MTV News: It's about respect, too. Young people don't want to be talked down to.
Weed: Yeah. I went to a high school that was really aggressive in that way. They treated us all like adults. I think it was really nice.
MTV News: What do you teach when you’re not working?
Weed: I teach voice, and I teach pretty much just like whatever people need. So if they want me to work on a monologue with them, or if they want me to do some work with them, I do that. And then I do master classes, like at high schools — which is my most favorite thing to do. Because you just hang out with kids for two days and get to know them and work on stuff. I get to really encourage them to be themselves, which is the most valuable thing you can be as an actor.
MTV News: I love that you work with young people because teens were the audience for this film when it came out. It’s about that coming-of-age experience. School can be really unforgiving…
Weed: It's really trash.
MTV News: I know you had your own terrible experience. What got you through it?
Weed: I got rescued like halfway through that experience. Because middle school was the worst time in my life. That's still a first date question that I ask people when I go on dates. I'm like, "Have you ever been or will you ever be a Republican?" And if the answer is yes or maybe, I’m like, "I can't see you anymore." Also, I always ask, "How was middle school for you?" Because I really feel like if you had an OK time in middle school that you're a jerk. If you were able to just slide by, it meant that you either weren't helping people or that you were the person who was beating up on everybody.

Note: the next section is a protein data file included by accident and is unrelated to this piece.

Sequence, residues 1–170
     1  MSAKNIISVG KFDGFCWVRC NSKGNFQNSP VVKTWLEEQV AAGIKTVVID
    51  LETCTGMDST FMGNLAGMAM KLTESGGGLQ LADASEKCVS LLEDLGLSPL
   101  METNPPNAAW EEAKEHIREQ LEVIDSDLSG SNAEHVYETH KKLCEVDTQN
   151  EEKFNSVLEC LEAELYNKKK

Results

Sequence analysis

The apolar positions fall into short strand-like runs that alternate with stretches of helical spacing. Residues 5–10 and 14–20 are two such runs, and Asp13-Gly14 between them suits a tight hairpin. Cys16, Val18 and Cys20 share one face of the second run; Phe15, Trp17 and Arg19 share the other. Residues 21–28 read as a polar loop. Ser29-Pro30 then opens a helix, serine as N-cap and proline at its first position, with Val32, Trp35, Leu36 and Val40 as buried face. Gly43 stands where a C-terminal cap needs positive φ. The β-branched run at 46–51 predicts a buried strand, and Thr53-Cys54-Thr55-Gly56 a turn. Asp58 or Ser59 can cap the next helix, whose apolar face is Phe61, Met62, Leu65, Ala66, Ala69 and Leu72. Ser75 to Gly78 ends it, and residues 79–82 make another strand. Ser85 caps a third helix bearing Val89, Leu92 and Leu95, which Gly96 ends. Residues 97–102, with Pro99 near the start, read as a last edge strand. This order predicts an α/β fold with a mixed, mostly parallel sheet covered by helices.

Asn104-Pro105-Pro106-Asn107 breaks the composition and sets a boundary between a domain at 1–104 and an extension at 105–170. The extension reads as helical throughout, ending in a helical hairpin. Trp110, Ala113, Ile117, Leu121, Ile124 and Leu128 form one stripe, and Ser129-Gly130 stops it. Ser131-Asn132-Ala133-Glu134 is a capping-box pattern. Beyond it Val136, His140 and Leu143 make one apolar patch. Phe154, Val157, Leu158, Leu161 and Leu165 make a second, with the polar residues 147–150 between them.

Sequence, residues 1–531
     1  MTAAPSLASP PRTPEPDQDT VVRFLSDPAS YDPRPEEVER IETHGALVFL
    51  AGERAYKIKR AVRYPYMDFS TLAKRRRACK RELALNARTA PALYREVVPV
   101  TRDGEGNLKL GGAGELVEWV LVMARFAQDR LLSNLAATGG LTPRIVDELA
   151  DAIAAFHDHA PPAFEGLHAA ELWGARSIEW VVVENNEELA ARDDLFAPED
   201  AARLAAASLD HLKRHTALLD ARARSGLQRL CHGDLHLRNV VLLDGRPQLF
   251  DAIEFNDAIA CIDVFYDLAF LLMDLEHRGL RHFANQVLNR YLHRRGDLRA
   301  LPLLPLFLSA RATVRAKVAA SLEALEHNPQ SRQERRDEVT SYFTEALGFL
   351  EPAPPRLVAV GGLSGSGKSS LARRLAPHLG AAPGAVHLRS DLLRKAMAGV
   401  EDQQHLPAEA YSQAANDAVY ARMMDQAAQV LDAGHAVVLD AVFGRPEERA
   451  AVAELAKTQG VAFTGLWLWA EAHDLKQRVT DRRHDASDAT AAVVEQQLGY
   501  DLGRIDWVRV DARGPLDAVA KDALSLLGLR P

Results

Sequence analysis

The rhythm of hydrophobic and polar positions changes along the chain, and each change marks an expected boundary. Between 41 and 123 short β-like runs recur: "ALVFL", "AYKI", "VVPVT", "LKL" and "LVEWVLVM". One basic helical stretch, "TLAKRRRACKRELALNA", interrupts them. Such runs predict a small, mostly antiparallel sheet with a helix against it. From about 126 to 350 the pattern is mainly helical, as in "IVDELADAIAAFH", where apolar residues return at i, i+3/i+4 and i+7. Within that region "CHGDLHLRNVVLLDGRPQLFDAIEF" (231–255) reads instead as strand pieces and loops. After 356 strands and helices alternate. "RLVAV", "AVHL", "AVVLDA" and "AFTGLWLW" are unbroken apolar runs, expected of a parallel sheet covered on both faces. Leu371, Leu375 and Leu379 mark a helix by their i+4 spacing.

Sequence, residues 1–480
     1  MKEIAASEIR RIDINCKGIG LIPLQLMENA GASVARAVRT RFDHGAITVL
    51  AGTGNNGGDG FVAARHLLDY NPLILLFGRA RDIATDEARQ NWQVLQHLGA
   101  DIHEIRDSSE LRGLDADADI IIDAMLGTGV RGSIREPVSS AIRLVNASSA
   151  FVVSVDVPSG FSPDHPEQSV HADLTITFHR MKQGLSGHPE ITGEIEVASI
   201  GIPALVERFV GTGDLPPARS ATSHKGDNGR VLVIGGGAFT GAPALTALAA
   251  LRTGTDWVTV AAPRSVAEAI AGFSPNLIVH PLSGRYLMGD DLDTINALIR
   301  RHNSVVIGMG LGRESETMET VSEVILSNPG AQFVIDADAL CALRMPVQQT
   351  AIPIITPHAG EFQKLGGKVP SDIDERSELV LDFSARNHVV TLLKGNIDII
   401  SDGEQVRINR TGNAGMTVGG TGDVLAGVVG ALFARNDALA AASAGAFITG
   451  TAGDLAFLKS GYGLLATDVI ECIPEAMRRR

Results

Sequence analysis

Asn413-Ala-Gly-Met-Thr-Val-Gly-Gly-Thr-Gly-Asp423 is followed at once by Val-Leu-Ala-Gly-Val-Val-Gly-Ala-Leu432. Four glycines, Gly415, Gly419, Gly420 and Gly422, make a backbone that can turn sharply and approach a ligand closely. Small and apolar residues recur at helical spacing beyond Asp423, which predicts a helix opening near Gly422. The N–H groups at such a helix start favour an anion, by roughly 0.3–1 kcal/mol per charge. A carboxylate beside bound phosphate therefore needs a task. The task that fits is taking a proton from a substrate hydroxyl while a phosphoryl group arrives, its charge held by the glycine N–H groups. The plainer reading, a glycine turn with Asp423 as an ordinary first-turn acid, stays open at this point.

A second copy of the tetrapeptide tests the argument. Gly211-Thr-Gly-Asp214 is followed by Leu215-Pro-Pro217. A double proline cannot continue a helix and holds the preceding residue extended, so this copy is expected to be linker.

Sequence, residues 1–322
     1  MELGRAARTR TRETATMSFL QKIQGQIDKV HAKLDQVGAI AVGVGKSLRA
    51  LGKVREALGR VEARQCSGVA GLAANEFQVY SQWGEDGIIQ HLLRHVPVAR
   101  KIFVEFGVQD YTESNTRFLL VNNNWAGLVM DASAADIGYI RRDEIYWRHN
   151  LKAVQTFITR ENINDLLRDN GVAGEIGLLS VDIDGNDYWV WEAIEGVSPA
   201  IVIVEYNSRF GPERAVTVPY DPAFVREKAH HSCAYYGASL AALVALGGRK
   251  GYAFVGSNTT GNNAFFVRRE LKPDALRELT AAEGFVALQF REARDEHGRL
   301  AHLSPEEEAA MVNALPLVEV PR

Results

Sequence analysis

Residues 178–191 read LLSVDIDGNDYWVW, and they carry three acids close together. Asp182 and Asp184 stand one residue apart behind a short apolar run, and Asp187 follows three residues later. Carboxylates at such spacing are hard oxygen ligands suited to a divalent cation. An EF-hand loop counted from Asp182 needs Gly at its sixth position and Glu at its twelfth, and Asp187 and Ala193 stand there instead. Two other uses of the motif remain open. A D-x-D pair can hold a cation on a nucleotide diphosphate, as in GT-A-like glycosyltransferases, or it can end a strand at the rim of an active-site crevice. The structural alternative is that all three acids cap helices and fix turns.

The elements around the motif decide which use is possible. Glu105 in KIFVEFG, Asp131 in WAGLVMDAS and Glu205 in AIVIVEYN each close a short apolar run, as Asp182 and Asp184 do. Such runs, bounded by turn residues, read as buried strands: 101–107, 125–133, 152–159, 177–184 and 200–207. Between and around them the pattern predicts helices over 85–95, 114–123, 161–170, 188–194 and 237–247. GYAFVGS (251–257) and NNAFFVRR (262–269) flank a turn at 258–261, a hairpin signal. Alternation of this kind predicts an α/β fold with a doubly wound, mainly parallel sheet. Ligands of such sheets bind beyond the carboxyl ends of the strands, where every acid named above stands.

MTV News: Why middle school?
Weed: My father passed away when I was seven. I kind of internalized that as there's something wrong with me, and that's not something you can verbalize as a kid — it's something you figure out when you're an adult, when you're paying someone thousands of dollars in therapy sessions to help you figure out what's going on. And it made me feel really separate from everybody, and it made me feel like there was definitely something wrong with me and it was definitely my fault, and it kind of made me feel like no matter what I did I would always just kind of be wrong.
When you feel that way about yourself you project that. And people who are prone to being bullies or prone to being kind of aggressive towards other kids, they pick up on that feeling. If you're feeling vulnerable, or you already don't feel good about yourself and don't have good self-esteem, they feed on that and you become the person at the bottom of the pecking order. I didn't really have anybody in my life telling me to have more confidence or more self-esteem or telling me that nothing was wrong with me.